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The Ashoka Chakra has a spoke for each of 24 hours in a day

In Sanskrit, Samay (समय) is the, "appointed or proper time, [the] right moment for doing anything."[1] On a general parlance, samay is a unit of time. The samay chakra is the great chariot wheel of time which turns relentlessly forward.


In current usage, samay means "time" in Indian languages such as Bengali, Hindi, Marathi, Gujurati.

In Jainism[edit]


Samay represents the most infinitesimal part of time that cannot be divided further. The blink of an eye, or about a quarter of a second, has innumerable samay in it. For all practical purposes a second happens to be the finest measurement of time. Jainism however, recognizes a very small measurement of time known as samay, which is an infinitely small part of a second.


The following are measurements of time as adopted by Jainism: Indivisible time = 1 samay
Innumerable samay = 1 avalik
16,777,216 avalik = 1 Muhurt
30 Muhurtas = 1 Day and night
15 Days and nights = 1 Paksha (fortnight )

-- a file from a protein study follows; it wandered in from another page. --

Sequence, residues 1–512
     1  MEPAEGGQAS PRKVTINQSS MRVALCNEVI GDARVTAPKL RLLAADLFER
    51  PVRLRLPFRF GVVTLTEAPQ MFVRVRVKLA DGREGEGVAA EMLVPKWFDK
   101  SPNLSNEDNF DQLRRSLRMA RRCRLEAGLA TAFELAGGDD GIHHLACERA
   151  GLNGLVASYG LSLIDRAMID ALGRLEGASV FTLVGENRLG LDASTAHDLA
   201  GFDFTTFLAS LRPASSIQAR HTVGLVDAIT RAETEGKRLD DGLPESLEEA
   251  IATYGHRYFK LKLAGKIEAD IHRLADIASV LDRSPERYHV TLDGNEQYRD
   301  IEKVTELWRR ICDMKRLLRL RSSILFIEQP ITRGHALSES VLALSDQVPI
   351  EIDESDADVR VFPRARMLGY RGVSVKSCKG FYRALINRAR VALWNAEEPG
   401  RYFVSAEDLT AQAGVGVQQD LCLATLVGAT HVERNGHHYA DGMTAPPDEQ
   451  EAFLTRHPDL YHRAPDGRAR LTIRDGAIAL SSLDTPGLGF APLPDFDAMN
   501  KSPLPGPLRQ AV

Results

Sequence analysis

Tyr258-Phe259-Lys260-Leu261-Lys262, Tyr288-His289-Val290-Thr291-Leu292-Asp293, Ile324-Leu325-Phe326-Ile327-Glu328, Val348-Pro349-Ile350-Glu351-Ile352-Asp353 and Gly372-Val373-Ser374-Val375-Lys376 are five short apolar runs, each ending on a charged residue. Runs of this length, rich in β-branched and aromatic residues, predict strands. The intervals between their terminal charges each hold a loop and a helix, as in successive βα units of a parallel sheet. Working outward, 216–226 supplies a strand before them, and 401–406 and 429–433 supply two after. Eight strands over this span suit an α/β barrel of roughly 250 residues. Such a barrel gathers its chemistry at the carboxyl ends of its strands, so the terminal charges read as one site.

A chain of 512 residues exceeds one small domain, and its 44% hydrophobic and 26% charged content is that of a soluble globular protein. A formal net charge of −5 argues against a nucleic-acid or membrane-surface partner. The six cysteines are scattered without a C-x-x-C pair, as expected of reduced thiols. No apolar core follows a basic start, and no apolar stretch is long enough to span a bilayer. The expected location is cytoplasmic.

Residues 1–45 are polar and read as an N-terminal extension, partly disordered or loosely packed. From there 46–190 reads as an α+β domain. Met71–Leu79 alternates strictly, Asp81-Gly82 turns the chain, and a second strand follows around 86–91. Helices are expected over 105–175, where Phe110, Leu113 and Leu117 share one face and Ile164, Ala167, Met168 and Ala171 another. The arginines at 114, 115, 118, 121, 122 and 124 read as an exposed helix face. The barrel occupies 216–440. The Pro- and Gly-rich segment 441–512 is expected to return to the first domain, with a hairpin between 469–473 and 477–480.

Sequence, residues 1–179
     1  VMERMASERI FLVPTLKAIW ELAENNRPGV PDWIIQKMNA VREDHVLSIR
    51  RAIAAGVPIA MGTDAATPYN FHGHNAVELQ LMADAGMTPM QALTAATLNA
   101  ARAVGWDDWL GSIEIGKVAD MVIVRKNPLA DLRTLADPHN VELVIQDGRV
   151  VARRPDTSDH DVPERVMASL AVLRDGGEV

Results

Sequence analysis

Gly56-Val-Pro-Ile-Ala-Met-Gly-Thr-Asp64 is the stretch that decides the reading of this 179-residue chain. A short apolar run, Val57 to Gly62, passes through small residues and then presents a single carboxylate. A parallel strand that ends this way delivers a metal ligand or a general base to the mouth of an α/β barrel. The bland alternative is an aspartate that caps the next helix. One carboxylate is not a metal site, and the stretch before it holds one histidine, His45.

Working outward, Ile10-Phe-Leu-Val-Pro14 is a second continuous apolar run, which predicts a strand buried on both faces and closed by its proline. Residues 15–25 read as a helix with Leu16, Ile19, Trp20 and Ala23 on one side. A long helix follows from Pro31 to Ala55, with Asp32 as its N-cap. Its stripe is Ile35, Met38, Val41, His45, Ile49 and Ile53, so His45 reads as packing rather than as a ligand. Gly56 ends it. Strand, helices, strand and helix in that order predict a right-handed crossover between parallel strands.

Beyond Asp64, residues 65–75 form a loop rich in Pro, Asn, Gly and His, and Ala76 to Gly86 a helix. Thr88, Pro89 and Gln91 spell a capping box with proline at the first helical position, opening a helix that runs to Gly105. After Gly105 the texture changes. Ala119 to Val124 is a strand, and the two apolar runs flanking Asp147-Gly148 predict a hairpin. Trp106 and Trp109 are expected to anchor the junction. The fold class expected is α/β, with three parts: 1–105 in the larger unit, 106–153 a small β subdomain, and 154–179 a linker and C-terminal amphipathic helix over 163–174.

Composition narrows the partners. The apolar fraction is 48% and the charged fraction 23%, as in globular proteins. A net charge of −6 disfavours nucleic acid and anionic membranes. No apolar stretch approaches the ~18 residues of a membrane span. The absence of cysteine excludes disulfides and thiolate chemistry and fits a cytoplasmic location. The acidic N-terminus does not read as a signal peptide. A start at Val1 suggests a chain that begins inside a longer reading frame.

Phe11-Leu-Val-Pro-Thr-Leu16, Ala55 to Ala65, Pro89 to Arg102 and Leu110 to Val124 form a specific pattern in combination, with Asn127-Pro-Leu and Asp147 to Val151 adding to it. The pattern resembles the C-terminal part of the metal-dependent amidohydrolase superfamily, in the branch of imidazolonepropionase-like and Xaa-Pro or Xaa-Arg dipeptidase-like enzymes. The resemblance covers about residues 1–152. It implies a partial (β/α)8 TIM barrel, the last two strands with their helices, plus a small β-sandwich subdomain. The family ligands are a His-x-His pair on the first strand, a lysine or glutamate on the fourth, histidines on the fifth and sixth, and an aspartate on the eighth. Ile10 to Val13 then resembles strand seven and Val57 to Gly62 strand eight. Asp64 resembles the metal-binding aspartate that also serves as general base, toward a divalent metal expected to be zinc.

2 Pakshas = 1 Month
12 Months = 1 Year
Innumerable years = 1 Palyopam
10 millions of millions of Palyopams = 1 Sāgaropam
10 million of millions of Sāgaropams = l Utsarpini or 1 Avasarpini
1 Utsarpini + Avasarpini = 1 Kālchakra (One time cycle).


When an Arihant reaches the stage of moksha (liberation), the soul travels to the Siddhashila (highest realm in universe) in one samay.

In Hinduism[edit]

Samay was the basic unit of time in ancient Hindu mythology. Currently, it is used synonymously with time.

Samay in music[edit]

Samay is a term used in Indian classical music to loosely categorize ragas into times of day. Each raga has a specific period of the day (prahar) when it is performed.

In Gandharva-Veda the day is divided into three-hour-long intervals: 4-7 a.m., 7-10 a.m. etc. The time concept in Gandharva-Veda is more strictly adhered to than it would be, for example, in Carnatic music.

See also[edit]


  1. ^ Monier-Williams. Sanskrit-English Dictionary, sv. "samay."[full citation needed]

External links[edit]

  • "Samay",